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Advice on finding an adventure mentor? From: an eager to learn solo hiker

Hey there! My name is Shelby, and I love to adventure (mainly hiking, backpacking, fishing, kayaking, and I recently picked up climbing and biking). I moved to Colorado 2.5 years ago solely for my love of the mountains and the outdoors. I do majority of my hiking/camping/backpacking alone (not really alone, I usually have my furry adventurous companion with me) because my friends are not interested in waking up at 4am to go on a 10 mile day hike or spending more nights in their tent than a bed. Their loss, right? However, there is so much I want to learn and experience, and while I love my alone time in the backcountry, I feel I could really benefit from having a mountain mentor to learn from their experiences. Does anyone in this community have any tips on finding someone like this? In the age of Covid it definitely seems to make it a bit more difficult. Thank you so much for your time in advance!

17 Replies

Hey SolaceEasy - thank you so much for taking the time to reach out to me. If you are seeking mentees and are up for another hiker to join you, even for a day, I would love to partake if able. Regardless, I appreciate your info and will not give up my quest to find mentor(s) to advance through this journey. Thank you again and best of luck on your endeavors this summer!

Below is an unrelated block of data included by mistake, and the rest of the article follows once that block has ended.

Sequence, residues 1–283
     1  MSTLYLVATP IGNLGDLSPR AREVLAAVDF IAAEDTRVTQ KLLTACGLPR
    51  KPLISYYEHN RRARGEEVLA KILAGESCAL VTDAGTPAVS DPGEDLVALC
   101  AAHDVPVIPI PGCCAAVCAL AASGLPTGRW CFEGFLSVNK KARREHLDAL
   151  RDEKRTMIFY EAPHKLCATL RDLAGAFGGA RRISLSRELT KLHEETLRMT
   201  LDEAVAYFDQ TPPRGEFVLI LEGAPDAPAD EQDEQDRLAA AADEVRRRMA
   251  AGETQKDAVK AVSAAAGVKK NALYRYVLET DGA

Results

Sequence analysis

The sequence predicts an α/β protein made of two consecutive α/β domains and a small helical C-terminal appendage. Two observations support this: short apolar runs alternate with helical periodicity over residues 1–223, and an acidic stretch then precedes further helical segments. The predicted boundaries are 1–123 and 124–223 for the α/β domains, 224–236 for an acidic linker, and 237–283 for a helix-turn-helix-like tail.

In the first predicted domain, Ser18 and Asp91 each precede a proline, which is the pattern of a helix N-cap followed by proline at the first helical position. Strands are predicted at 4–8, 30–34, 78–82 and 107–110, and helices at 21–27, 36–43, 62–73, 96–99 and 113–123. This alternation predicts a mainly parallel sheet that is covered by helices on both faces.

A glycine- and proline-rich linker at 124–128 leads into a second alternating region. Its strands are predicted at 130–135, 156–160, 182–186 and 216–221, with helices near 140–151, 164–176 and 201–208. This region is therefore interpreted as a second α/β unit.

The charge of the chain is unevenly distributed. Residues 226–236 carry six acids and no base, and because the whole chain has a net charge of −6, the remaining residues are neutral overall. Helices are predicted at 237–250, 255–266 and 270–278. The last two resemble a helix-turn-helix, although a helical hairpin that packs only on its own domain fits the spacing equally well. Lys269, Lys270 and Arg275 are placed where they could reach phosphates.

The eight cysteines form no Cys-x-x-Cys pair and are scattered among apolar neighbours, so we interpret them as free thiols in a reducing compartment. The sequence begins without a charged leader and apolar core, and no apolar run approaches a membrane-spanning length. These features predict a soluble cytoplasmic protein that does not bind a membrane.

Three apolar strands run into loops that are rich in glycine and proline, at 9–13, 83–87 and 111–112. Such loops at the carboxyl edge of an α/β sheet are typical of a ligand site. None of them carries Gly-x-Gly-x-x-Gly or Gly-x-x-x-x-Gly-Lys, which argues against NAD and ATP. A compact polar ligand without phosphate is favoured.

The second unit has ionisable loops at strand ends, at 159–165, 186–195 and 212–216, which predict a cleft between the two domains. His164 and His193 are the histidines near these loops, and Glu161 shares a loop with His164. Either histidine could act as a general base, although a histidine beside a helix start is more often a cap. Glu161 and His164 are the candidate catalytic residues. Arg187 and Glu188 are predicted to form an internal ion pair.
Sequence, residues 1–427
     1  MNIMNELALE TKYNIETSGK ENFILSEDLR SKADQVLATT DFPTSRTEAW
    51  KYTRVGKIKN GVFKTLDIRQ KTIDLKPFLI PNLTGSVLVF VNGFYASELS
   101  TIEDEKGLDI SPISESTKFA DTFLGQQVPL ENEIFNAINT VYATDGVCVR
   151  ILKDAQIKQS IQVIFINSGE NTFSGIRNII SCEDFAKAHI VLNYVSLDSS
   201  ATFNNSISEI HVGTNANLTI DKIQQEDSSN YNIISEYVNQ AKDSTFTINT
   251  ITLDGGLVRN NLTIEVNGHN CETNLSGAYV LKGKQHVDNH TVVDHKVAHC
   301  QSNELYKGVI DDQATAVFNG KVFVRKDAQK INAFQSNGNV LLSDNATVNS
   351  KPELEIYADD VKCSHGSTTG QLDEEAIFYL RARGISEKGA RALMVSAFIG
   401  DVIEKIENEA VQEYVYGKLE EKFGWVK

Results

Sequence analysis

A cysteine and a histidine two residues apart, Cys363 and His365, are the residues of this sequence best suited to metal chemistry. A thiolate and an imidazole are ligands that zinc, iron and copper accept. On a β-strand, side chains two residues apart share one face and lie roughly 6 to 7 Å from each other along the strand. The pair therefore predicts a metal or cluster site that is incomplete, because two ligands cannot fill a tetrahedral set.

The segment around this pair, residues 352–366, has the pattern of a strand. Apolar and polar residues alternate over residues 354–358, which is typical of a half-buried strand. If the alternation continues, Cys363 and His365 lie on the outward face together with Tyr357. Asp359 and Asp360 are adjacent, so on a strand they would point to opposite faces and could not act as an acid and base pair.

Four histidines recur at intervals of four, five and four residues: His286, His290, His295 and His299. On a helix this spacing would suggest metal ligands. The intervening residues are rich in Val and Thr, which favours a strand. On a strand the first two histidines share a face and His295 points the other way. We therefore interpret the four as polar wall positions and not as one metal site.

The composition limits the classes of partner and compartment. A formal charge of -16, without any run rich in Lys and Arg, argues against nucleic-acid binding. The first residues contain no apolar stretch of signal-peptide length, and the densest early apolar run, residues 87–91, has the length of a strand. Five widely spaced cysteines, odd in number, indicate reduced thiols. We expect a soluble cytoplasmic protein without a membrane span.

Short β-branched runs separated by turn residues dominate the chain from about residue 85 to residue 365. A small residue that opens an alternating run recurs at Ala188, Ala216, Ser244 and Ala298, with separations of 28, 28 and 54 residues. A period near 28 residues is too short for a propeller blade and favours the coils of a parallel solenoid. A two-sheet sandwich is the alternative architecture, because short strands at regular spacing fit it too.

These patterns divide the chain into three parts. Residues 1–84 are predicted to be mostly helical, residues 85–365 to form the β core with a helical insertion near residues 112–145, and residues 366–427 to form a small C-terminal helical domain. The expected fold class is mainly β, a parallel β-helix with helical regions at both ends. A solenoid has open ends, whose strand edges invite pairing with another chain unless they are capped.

The good news is that such mentors exist. The bad news is that it can be hard to distinguish between claims and real competence. All too many people overstate their qualifications.

I'd suggest that you see if you can find a club in your area that specializes in your interests. Such clubs are often law-suit wary so they screen their leaders/instructors carefully. REI also often sponsors trips with competent leaders.

This is super helpful and a great place to start. Thank you so much for your help and taking the time to reach out!

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I'm agreeing 4am is the Real killer of your fun my friend.   But as a 10yr transplant here are some things that have worked for me:  Meetups -plentiful if you are living in a frontrange area (Ft. Collins to Co Springs).  CMC -Colorado Mtn Club can be a cumbersome learning tool but goes deeper (offers training).  Volunteer/ Become an expert - work in a shop, ski area, volunteer with a ranger station.   

Joining a hiking group is probably a pretty good idea.  You will most likely met someone with the knowledge and skills you crave.  That is how I learned, as a witless newbie in a new environment.

There is a lot of literature available.  Mountaineering: Freedom of the Hills is outstanding source of valuable information.  The American Alpine Club's annual summary of accidents is also valuable.  Pay less attention to media accounts since, being breaking news, they rarely include any sort of in depth analysis.

Superusers do not speak on behalf of REI and may have received
one or more gifts or other benefits from the co-op.

This is great advice, thank you so much!

Thank you Cecilia, this is great advice! I looked into volunteering at a ranger station last year during COVID, but haven't checked back to see if they are accepting volunteers again, thanks for that reminder! Appreciate you taking the time to reach out!

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Hello! I just wanted to say that I read this and was shocked...this sounds exactly like me and I have the same question!!! Also I think that is wicked cool that you moved to CO for the outdoors - what an amazing life choice!